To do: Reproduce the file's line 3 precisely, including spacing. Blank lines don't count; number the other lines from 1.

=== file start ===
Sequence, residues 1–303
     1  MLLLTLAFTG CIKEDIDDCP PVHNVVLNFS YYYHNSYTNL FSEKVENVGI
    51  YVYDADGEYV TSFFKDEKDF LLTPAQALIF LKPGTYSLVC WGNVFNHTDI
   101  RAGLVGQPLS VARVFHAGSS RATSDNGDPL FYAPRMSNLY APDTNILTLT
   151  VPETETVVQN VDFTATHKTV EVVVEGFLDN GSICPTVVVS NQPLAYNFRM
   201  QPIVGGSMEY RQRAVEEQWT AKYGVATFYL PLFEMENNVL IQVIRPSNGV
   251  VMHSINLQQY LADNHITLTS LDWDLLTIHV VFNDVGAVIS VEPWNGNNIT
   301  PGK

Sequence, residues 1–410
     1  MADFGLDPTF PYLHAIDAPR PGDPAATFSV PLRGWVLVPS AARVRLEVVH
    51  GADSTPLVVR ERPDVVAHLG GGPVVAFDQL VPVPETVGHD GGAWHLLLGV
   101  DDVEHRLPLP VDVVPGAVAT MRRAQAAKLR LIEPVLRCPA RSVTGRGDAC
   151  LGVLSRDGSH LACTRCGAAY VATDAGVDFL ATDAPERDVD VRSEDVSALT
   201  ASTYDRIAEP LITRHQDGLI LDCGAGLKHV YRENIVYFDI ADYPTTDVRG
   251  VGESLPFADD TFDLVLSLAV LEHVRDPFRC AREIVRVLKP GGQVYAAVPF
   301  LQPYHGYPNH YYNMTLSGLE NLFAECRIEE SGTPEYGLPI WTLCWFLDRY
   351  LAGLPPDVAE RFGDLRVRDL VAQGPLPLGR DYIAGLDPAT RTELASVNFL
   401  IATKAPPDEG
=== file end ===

    51  YVYDADGEYV TSFFKDEKDF LLTPAQALIF LKPGTYSLVC WGNVFNHTDI